Apparently, President Obama has delivered a speech ‘ranting’ against technology. The opinion in The Economist is worth a read just for the joy of reading the hilarity between the lines.
‘WITH iPods and iPads and Xboxes and PlayStationsâ€”none of which I know how to workâ€”information becomes a distraction, a diversion, a form of entertainment, rather than a tool of empowerment.’ In a speech to students at Hampton University on May 9th, Mr Obama did not just name-check some big brands; he also joined a long tradition of grumbling about new technologies and new forms of media.
As The Economist opinion points out, this is a hilarious when you put it in the context of Obama’s quite evident total addiction to his Blackberry. This is the device that he refused to let his own security to remove from him as being insecure.
The opinion carries on with a long list of similar pronouncements from figure in the past about various communications technologies.
Umm, yeah right – I can see all of those and many other similar pronouncements in the past have happened. Sure there have been changes in the way we do things, but the sky still hasn’t fallen in when people have better means to communicate.
Mr Obama is, at least, bang up to date with his reference to the iPad, which now joins the illustrious list of technologies to have been denounced by politicians, and with his grumbling about the crazy theories circulated by the combination of blogs and talk radio. But such Luddism is particularly curious in Mr Obama’s case, given that he is surgically attached to his BlackBerry, his presidential campaign made exemplary use of the internet, and he has used YouTube to great effect to deliver his message directly to viewers, circumventing the mainstream media in the process. Presumably all those are examples of good information (the empowering sort) rather than bad (the distracting or misleading sort).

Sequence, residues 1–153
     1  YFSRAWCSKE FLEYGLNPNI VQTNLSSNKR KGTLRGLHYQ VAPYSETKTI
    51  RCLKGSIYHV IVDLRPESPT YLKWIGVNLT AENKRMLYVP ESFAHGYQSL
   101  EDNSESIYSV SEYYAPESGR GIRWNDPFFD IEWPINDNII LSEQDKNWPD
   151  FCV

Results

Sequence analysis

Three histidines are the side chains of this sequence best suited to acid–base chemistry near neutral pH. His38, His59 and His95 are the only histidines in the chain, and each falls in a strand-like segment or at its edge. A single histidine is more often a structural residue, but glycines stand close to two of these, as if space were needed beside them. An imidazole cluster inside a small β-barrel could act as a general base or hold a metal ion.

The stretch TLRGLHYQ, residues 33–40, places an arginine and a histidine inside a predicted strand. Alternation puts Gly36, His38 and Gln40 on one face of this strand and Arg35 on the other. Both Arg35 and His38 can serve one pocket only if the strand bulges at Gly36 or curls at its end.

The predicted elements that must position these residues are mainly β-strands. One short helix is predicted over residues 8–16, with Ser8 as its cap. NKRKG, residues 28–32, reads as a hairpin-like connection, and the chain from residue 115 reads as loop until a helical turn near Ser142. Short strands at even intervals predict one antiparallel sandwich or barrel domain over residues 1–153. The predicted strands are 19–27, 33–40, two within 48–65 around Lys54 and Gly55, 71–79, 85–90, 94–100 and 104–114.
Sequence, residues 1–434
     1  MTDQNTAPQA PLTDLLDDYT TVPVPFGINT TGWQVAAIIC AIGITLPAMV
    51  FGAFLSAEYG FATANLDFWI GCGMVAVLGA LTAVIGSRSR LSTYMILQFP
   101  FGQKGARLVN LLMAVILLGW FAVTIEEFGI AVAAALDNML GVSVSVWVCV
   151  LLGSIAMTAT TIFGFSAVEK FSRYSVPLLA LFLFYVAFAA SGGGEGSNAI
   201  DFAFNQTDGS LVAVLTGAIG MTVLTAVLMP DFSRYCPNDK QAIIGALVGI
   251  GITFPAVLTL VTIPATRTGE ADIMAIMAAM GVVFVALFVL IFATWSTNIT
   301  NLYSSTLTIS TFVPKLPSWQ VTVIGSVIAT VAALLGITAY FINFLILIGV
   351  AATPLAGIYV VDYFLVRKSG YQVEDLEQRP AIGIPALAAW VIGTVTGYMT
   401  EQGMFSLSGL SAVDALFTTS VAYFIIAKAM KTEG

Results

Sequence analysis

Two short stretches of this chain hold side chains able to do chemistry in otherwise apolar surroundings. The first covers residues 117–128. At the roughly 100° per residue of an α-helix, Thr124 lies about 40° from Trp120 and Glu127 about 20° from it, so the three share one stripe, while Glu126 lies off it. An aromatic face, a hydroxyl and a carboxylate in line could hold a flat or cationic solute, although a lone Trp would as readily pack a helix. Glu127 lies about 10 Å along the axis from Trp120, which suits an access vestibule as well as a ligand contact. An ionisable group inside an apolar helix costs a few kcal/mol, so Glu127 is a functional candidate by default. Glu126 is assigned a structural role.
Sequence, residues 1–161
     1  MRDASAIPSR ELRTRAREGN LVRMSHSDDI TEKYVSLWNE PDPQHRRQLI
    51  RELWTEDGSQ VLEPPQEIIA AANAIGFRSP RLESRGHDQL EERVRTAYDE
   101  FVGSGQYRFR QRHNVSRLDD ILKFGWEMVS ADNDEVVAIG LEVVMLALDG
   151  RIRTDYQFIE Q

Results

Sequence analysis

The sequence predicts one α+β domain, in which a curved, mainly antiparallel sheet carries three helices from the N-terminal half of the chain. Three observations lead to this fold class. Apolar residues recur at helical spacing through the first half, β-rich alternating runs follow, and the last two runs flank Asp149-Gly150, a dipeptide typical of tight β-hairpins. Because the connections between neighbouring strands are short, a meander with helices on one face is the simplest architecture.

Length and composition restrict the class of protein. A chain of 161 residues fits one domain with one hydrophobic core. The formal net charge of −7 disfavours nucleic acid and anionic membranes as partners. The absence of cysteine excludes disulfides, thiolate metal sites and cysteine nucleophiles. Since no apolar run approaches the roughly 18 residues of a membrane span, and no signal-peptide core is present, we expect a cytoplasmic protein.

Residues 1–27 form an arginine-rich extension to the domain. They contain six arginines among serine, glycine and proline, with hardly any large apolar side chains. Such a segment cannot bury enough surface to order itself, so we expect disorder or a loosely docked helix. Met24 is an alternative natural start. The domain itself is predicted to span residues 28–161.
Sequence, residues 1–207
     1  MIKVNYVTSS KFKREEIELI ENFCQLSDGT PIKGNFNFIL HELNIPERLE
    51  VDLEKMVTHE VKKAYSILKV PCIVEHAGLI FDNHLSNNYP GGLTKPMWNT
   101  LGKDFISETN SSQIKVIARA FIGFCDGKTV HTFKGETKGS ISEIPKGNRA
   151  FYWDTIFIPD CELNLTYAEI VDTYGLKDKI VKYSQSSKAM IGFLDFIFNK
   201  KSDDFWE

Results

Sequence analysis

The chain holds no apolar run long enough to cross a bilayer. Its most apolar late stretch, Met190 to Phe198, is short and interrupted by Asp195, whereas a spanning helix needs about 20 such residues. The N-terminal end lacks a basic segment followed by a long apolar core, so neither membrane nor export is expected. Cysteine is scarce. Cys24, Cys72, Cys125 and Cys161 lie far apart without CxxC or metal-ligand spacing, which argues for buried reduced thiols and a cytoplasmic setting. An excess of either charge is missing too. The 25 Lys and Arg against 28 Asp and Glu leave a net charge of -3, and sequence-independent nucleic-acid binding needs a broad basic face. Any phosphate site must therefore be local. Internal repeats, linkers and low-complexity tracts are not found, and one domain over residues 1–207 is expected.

Yeah right. I can understand the loon factors on the blogs, as I see them every day (or if I read comments at the sewer) . But like all new tech, you get a burst of the crazies for a while and then it will either go under (usenet) , become an enclave that we place the seriously crazed into (talkback radio), or get moderated and tend towards rationality (where some of us are trying to push blogs towards at present).
However I’ve been around or observed politicians for quite a while. They’re (by my standards) total technophobes, in that they avoid just getting into technology for the sheer sake of it. Watching them learning to use technology is an exercise in pain
At the same time they inordinately addicted (by the standards of any normal human) to the technologies that they have painfully learnt to drive. It doesn’t matter if it is fax machines, antique brick phones, or these days those bloody awful blackberries that parliamentary services likes – the politicians can’t bear to have them out of their sight for long.
I haven’t tried this, but I expect that if you want to torment a politician, and you have their cell number – text them while they’re deep in conversation with a constituent. I’d expect the look of polite agony as they’re torn between two addictions could be sadistically entertaining 😈